On December 27, 2018, the Environmental Protection Agency (EPA) announced its proposal to revise its response to Michigan et al. v. Environmental Protection Agency etThis case held that EPA erred when it did not consider cost in its determination of whether regulation of hazardous air pollutant (HAP) emissions from coal and oil-fired electric steam generating units (EGUs) is “appropriate and necessary” under the Clean Air Act (CAA) section Under the revised action, EPA departs from its prior finding that Mercury and Air Toxics Standards (MATS) regulation of these EGUs is “appropriate and Instead, EPA reached this apparently antithetical decision based on the immensity of compliance costs relative to the benefits achieved by the reduction of HAP EPA now believes that the “cost reasonableness” test utilized by the 2016 Supplemental Finding did not adequately meet the statute’s requirement to fully consider costs and is an unreasonable interpretation of CAA section 112(n)(1)(A) post-Michigan. The cost reasonableness test was developed by EPA in response to D.C. Circuit Court opinions, such as Lignite Energy Council v. EPA and Sierra Club v. Costle, which preclude adoption of standards with associated costs that are exorbitant, excessive, or unreasonable. In other words, EPA’s cost reasonableness test evaluated whether the cost of compliance could be absorbed by industry without compromising its ability to perform its primary function. Under this test, the benefits of MATS regulation of coal and oil-fired emissions from EGUs outweighs the cost of compliance because the industry would be able to absorb those costs.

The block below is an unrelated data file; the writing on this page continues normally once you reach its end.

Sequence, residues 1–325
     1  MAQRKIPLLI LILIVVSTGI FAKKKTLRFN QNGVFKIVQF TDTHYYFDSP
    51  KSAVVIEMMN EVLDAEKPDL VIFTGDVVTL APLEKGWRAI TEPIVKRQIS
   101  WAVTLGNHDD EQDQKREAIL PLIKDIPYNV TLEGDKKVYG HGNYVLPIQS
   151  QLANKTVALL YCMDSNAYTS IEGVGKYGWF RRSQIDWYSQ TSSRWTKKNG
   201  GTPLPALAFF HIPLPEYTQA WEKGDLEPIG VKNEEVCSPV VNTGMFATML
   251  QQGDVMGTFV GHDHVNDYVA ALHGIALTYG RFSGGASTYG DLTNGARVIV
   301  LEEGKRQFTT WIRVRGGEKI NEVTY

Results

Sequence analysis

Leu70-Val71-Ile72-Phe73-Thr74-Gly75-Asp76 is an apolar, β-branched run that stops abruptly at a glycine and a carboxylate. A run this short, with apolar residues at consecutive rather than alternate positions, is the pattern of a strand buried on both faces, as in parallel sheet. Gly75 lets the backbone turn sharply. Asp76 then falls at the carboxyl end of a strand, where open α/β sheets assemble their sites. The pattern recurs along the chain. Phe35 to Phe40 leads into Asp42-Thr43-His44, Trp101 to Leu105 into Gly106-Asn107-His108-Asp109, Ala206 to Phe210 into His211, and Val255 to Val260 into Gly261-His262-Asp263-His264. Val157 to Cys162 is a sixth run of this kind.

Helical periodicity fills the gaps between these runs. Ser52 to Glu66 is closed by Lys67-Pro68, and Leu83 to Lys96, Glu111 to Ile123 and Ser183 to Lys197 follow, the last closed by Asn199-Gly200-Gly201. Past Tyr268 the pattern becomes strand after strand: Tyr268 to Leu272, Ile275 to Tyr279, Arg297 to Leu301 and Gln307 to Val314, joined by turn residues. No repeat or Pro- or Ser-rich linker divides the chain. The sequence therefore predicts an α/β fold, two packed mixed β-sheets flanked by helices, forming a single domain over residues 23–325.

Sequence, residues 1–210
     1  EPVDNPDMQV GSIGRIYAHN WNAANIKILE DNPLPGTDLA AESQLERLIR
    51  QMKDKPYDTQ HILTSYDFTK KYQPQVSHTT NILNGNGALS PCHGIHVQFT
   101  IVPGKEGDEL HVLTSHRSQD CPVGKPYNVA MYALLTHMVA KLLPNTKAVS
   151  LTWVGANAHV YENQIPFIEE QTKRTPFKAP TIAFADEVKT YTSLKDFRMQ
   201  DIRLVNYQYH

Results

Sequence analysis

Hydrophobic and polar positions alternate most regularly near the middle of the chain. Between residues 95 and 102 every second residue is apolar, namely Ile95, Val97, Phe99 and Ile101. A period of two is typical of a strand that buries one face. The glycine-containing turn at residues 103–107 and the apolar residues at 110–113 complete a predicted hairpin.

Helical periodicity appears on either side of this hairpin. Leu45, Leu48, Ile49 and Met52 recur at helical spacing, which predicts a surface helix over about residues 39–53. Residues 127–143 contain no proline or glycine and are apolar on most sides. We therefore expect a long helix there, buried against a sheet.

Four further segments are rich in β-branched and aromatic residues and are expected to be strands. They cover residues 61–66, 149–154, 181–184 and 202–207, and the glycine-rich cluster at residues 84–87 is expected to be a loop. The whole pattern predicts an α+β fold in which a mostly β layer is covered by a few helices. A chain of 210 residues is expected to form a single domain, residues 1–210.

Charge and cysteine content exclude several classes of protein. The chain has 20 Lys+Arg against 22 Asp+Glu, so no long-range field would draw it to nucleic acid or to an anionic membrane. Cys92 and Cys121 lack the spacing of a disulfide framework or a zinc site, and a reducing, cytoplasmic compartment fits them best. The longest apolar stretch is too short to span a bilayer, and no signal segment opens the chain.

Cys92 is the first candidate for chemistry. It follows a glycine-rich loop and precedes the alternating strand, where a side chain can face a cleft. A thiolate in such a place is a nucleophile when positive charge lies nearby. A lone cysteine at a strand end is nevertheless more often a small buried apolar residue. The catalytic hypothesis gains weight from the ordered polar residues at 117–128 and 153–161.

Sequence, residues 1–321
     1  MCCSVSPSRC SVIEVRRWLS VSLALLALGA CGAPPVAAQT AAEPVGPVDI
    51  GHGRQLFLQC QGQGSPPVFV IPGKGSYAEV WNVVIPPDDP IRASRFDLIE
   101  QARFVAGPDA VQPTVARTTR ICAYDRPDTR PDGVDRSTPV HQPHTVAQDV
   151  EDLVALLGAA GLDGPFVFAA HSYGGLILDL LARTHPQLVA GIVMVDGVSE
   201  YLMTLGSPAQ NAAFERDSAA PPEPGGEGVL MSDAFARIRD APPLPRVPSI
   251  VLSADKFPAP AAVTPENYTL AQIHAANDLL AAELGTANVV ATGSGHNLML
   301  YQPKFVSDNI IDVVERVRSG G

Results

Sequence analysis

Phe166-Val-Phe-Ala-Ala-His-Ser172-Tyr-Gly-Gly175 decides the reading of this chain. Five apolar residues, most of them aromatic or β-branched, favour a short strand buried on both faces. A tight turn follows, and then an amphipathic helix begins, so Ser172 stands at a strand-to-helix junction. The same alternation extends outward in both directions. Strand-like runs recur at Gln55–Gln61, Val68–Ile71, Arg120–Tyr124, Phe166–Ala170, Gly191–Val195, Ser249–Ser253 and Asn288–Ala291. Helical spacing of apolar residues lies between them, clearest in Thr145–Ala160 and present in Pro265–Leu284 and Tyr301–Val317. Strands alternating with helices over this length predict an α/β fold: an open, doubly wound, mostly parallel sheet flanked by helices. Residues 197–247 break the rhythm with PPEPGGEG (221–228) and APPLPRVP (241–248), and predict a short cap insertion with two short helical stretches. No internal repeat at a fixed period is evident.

EPA’s decision could have a significant effect on the future regulation of air pollution.